ANNAPOLIS – Maryland lawmakers are rushing to fix a glitch in a law that could prevent thousands of low-income seniors on Medicare from receiving state assistance to cover the out-of-pocket costs of medication.
Under the Maryland Senior Prescription Drug Assistance Plan, low-income seniors who are registered for Medicare can receive assistance to help them pay insurance deductibles that are not covered by Medicare Part D, the federal government’s new prescription drug plan.
But the state plan, which resulted from legislation passed last year in the Maryland General Assembly, did not anticipate the bewildering variety of prescription drug plans available under Part D.
“We have discovered that we have some glitches with that legislation,” said Richard Popper, the executive director of the Maryland Health Insurance Plan the state program that administers the drug assistance program.
As the state law currently reads, the 35,000 people covered by the subsidy program may be cut off from state subsidies that previously helped them cover their pharmacy costs.
To remedy the situation, Senator Thomas M. Middleton, D-Charles, has sponsored a bill that would correct the error and possibly provide recipients with state-issued cards that could be used at pharmacies to pay for drugs.
As it is currently structured, Maryland’s assistance plan covers only the out-of-pocket costs of people who have to pay a prescription deductible under Medicare Part D.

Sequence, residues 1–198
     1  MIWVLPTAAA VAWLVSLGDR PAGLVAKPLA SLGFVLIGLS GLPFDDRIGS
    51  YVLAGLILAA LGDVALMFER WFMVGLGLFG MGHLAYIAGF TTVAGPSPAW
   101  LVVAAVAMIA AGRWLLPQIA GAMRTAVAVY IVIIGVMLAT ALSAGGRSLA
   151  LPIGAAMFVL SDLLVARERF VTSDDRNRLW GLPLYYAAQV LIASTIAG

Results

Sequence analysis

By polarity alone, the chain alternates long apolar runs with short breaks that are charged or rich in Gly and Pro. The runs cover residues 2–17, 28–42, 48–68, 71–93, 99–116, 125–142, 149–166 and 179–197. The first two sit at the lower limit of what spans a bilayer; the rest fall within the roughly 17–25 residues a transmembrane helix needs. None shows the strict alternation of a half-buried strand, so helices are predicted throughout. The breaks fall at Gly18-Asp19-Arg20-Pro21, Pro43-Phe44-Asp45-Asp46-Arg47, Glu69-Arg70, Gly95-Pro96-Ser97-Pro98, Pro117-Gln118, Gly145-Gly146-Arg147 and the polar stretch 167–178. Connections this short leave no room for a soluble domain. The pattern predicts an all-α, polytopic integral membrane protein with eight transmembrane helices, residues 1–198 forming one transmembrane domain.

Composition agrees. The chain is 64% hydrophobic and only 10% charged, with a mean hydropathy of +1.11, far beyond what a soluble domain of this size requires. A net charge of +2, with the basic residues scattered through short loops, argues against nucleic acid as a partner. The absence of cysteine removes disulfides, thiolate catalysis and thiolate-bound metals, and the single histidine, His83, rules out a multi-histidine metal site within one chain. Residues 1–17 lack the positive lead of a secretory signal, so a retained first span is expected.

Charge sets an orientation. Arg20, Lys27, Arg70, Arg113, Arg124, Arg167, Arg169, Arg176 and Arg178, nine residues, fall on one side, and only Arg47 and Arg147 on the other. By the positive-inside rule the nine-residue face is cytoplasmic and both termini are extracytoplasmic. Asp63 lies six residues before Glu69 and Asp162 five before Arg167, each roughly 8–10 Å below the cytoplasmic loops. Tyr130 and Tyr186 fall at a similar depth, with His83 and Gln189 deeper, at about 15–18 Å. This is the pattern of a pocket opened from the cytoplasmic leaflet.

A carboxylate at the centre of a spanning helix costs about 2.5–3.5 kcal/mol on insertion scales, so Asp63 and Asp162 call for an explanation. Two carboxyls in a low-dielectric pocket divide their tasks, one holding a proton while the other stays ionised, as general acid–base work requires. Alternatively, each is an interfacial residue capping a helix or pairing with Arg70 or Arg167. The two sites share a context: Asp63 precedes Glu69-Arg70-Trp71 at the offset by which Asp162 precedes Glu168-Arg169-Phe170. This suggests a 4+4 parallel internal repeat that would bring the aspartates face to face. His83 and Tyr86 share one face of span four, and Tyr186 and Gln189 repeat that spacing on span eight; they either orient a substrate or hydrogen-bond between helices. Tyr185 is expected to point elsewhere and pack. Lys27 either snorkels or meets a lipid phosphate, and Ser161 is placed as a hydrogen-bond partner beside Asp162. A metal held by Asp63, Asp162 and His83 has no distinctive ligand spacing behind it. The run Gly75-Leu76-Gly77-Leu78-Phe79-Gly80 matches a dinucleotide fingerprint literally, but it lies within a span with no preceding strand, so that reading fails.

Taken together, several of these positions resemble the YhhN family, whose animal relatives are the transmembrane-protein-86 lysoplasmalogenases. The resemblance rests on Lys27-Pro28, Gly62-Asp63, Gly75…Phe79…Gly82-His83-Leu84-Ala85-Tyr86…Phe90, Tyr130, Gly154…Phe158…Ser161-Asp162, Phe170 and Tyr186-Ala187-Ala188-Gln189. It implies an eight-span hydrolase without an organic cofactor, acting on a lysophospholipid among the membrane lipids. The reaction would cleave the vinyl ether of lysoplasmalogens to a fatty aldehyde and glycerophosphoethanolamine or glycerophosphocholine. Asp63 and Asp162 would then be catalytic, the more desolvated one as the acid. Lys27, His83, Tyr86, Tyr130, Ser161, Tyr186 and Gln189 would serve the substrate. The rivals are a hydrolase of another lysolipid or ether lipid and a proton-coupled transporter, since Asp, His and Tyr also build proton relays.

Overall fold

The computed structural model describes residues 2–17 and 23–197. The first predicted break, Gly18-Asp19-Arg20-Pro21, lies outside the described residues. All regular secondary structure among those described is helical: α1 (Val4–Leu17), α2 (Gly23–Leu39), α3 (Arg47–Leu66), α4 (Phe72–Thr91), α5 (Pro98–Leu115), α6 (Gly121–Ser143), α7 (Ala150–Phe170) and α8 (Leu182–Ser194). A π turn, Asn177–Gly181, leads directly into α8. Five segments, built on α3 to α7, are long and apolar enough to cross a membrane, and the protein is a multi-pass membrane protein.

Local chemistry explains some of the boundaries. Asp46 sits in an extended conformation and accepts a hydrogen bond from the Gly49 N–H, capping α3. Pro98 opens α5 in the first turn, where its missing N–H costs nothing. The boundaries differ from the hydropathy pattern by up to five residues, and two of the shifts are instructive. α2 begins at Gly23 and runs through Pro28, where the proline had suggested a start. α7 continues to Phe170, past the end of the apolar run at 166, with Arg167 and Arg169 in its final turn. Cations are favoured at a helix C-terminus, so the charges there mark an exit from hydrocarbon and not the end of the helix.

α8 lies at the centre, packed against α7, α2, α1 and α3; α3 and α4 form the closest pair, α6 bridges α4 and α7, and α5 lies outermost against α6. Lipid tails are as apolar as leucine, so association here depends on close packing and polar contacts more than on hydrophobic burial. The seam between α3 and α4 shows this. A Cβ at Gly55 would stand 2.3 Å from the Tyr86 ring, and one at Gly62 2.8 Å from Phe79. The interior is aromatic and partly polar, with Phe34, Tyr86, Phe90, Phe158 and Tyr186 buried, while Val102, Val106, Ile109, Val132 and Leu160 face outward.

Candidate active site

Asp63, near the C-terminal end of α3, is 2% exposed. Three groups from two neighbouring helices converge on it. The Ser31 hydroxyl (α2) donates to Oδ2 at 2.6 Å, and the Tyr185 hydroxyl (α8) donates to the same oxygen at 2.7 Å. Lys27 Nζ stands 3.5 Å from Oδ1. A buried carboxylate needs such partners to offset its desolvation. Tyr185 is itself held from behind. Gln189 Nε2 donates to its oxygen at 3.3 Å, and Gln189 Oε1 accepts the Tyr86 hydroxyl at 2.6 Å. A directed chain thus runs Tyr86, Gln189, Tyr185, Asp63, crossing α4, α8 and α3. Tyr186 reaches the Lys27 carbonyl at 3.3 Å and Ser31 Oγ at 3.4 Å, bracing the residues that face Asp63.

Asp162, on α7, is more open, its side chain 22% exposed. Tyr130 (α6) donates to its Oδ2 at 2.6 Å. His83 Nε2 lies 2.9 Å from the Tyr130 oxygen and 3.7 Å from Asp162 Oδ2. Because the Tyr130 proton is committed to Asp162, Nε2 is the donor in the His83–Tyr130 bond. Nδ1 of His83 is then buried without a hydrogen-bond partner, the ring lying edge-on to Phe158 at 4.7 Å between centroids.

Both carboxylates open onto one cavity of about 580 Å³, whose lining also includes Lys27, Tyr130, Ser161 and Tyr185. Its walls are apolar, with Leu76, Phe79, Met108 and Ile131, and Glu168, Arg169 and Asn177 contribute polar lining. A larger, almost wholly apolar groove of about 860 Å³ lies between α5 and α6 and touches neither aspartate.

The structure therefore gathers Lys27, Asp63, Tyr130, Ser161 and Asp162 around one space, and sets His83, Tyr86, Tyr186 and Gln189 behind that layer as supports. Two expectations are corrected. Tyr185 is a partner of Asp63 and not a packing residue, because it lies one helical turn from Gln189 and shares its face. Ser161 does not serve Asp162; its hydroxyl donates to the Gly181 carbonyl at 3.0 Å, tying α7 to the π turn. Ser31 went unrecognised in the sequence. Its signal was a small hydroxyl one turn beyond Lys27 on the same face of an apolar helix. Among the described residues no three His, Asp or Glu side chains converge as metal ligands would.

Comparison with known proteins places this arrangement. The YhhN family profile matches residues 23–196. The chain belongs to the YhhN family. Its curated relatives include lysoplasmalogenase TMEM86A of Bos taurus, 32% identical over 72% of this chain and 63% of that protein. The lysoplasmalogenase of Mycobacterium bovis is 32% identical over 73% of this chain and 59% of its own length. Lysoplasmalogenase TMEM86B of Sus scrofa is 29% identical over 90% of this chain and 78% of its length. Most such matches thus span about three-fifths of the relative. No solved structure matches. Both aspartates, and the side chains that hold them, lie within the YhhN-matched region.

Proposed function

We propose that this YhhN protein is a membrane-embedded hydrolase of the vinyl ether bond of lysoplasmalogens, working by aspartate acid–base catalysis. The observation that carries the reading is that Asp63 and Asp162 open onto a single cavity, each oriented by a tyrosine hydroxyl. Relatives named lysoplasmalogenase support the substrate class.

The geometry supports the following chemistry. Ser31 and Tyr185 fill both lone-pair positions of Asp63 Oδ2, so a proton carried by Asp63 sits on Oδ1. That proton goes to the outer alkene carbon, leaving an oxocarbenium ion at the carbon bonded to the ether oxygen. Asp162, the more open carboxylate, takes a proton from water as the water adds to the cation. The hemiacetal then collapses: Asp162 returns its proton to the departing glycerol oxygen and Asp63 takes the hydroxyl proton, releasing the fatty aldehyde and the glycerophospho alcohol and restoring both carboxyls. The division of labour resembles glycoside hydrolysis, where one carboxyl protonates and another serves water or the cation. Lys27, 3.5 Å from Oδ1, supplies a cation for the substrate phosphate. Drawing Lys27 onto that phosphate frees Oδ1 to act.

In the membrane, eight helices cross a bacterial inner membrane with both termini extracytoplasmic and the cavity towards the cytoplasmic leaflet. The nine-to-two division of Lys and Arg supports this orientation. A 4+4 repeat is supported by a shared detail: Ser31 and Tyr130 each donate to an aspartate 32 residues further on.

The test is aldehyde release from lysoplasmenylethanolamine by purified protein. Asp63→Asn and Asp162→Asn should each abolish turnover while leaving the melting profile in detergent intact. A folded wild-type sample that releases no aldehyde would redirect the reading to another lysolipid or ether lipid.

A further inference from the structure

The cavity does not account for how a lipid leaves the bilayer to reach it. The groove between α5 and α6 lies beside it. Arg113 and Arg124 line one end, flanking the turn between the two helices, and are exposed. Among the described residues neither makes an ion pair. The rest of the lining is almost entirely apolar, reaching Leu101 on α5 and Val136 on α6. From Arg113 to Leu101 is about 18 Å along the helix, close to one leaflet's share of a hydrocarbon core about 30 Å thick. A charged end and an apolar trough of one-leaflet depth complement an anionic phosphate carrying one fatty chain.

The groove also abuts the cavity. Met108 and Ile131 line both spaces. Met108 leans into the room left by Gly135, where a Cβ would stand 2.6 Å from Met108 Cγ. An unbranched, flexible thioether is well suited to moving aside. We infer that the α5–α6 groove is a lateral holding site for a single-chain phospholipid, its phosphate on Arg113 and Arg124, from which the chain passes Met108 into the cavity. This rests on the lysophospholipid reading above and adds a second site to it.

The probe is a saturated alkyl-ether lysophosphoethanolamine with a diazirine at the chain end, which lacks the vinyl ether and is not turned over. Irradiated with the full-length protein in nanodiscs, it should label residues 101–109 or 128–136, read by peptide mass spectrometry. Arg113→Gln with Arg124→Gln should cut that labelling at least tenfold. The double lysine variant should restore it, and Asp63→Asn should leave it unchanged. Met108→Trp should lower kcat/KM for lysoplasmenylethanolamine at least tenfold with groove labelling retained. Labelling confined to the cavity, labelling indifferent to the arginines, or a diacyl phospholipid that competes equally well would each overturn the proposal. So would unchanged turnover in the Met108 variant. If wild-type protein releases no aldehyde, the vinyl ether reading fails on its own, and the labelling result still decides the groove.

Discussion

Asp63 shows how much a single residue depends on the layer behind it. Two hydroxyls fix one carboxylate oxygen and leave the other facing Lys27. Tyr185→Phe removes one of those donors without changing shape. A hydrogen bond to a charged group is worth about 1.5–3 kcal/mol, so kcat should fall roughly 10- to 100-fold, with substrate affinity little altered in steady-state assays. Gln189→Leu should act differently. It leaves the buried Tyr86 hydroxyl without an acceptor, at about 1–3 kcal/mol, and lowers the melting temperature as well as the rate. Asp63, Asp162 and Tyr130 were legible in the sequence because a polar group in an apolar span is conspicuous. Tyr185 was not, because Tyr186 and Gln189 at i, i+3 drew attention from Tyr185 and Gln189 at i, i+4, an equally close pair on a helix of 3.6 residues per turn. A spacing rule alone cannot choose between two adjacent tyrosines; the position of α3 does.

But some Medicare plans do not require people to pay for deductibles. Seniors registered for one of these plans would be ineligible for the state assistance under the current law.
Popper said he was told that this was “discriminatory” and therefore illegal by the Centers for Medicare and Medicaid Services, the federal agency that administers Medicare.
The new bill would fix this problem by expanding the state program to help people pay their drug copays and other out-of-pocket prescription costs, Popper said.
He said the program would no longer be discriminatory since all enrolled seniors would be eligible for aid.
Seniors enrolled in the program might receive cards that they could use along with their Medicare benefit cards to help cover their pharmacy costs, he said.
The state’s new assistance plan launched Wednesday replaces the previous state subsidy plan that ended on Tuesday.
Individuals who are enrolled in Medicare and have an income of less than $28,710 are eligible for assistance under the new plan. Couples who have an income less than $38,490 are eligible. The Senate Finance Committee hopes to vote on the final version of the emergency bill Thursday.